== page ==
Why Are You Vegan?

FYI: A vegan diet includes all things plants. It excludes meat and other animal products like diary and eggs. It consists mostly of grains, legumes, fruits, vegetables, nuts and seeds.

First of all, let’s clear the air. Vegans have a reputation for being annoying. I hope not to add to or confirm that depiction.

My goals here are to share why we’ve decide to eat this way and give a few resources. If it is the start of good conversation, great! If you disagree, that’s fine too, I will still love you! If we share a meal, you don’t have to eat vegan. I’ll be good. If you are mean-spirited, that is not okay and any unhelpful comments will be removed.


OUR JOURNEY:

Water Melon.jpgMy wife and I have been called diet hobbyists. We’ll try a certain program for a year, switch to another, and then try something else.

In 2017, we decided to go vegetarian. It started as an experiment to see what it was like, how our bodies responded, if we like it, etc. We wanted to see what happened. We still consumed dairy products and eggs. The technical term for what we were is lacto-ovo vegetarians.

There didn’t seem to be any dramatic changes, we had eaten pretty healthy before going vegetarian anyway.

Being lacto-ovo vegetatrians lasted for about 6 weeks.

Then we watched the documentary Cowspiracy. It raised ideas, concepts and questions we hadn’t considered. We figured we could quit dairy for a week as a trial. So we tried it. We tried it for a week and it just stuck. Eventually we officially decided that veganism was for us.


OUR REASONING:

Cucumbers.jpg

There are a couple of different reasons why people go vegan. Here are some of ours.

The Global Effect

Cowspiracy presents a strong case that a leading cause of greenhouse gas emissions, water consumption and deforestation is the animal agriculture industry. Even if you are skeptical on climate change, this absolutely contributes to air and water quality around the world. I’m not a scientist, but I do think that even if climate change could be true, it is worth taking steps to reduce or reverse it. A meatless and dairy-free diet is one way that we are choosing to do that.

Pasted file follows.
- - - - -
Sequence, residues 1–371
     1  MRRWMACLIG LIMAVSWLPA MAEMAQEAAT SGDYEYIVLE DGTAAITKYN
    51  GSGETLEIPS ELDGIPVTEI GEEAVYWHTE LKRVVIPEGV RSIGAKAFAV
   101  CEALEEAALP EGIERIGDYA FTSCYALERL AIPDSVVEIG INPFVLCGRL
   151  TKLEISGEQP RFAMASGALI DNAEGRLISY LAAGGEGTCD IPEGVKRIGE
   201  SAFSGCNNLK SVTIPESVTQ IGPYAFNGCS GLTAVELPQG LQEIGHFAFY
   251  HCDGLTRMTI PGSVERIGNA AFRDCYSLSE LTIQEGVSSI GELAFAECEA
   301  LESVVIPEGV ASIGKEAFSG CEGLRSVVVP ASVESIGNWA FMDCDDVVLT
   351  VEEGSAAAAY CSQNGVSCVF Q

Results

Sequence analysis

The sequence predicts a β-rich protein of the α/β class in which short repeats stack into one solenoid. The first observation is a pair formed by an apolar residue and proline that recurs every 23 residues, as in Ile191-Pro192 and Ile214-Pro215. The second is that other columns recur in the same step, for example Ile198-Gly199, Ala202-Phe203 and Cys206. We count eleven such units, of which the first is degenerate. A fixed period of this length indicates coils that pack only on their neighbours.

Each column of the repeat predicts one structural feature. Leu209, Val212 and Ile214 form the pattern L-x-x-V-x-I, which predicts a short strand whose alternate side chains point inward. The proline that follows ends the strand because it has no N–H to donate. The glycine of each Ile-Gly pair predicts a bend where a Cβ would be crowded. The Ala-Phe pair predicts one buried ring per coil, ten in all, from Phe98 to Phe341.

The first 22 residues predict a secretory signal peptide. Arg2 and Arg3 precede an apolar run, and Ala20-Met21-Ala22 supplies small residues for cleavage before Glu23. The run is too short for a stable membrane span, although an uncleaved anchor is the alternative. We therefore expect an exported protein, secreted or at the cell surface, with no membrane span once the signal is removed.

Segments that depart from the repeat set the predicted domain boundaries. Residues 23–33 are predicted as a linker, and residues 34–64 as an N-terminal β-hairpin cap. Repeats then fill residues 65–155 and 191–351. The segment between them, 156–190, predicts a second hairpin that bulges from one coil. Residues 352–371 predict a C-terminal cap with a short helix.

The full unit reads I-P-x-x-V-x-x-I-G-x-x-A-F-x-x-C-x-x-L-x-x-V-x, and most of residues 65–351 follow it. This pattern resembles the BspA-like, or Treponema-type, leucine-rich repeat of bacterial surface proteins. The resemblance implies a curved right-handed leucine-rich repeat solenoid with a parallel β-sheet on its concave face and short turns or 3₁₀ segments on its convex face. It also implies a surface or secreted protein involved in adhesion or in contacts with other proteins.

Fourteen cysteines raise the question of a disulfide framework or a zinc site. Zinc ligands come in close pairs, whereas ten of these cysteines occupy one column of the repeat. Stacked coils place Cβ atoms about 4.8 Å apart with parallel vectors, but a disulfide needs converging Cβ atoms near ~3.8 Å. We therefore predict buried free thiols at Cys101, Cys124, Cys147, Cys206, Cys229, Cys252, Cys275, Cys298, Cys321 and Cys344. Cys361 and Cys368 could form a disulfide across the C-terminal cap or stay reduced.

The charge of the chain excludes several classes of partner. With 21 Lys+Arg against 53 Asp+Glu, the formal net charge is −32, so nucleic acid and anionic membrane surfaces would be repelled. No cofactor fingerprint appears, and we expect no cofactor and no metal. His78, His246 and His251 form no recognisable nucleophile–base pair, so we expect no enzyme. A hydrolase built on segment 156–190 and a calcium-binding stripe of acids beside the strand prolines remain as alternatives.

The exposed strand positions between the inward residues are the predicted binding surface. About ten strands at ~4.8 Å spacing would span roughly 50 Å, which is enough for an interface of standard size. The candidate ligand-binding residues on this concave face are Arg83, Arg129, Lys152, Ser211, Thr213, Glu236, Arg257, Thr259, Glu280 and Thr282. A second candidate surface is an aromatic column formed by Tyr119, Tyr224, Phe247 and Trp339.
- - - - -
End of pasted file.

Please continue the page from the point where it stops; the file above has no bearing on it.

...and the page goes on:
Another global effect is world hunger.  There are different numbers out there, but it is understood that hundreds of millions of people will go to bed hungry tonight. The way veganism can help is by using less resources in the preparation of our food. Basically all meat products (animals) consume food that could be going to humans. Between land usage, water consumption, and resource transportation, it takes much more to grow a cow than to grow corn. We have plenty of food in the world, it is simply where that food goes. If we were able to redirect food from sustaining and growing animals we hope to eat, we could feed the world right now.

Health 

I’ll mention again that for us, this started as an experiment.

The results, conclusions and evidence in food science is difficult to distill because there are so many factors that can’t be totally controlled. I can’t make the claim that veganism has been proven to be healthier across the board.

You can be an incredibly unhealthy vegan. Oreos are vegan. Soda is vegan. Some Doritos are vegan. There is a whole movement we like to call “vegan junk food” which basically makes junk food but in a vegan form. Obviously you can still derail the train on a vegan diet.

The term we like more than vegan is “plant-based”. If it comes from a plant, we eat it. Beans, grains, fruits, vegetables, nuts, seeds, etc. This way we are consuming nutrient dense foods and meals. No one is going to tell you that eating those foods are bad for you.

I’ve been inspired by people like Rich Roll and Scott Jurek. These two are ultra athletes that compete in extreme long-distance races. They do it all on a plant-based diet.

All that to say, our experience has been great. I lost a little bit of weight, I am running further than I’ve ever run. I feel energized. I legitimately feel good about the food that I’m eating.

Waste 

I’ve written about this before, but veganism does help with and compliment our zero waste journey. We buy almost all dry goods in bulk and use our own bags and containers for transport and storage. The other things we buy are produce. We try to get as much as we can from a local farm or farmer’s market. The rest of it, we buy at the grocery store and carry it in our own bags. We try to avoid packaging if we can and buying fresh produce and dry goods helps.

Another zero waste and vegan blogger put it this way, “For me, being vegan and living a zero waste lifestyle are both part of something bigger: trying to not live at the expense of others.” – Wastland Rebel


OUR GOAL:Peaches.jpg

A plant-based diet is the decision we’ve arrived at for ourselves. We have always respected people who receive new information and change their opinion based on their learnings. Is veganism forever? We’re not sure. There could be more information. We’ll be open to it.

Right now, we are trying to do what is best for the world and ourselves. In our opinion, a vegan diet helps us do that.

 

 

 


Further Reading:

Health:

Vegan Nutrition – Rich Roll

What A Vegan Athlete Eats In A Day – Huffington Post

The Real Life Diet of the Ultramarathoner Who Gave Up Meat – GQ

Beyond Meatless, the Health Effects of Vegan Diets – MDPI

The Evidence For a Vegan Diet – The Atlantic

Athletes You Won’t Believe Are Vegan – Spoon University

Global Effect:

Cutting Back On Meat Consumption Could Help End Hunger – Huffington Post

Vegan Eating Would Cut Global Warming Emissions – NBC News

Go Vegan, Save the Planet – CNN

Nine Things You Can Do About Climate Change – Forbes

Facts Page – Cowspiracy

 

PS. All photos are courtesy of Renninger’s Farm in Royersford!

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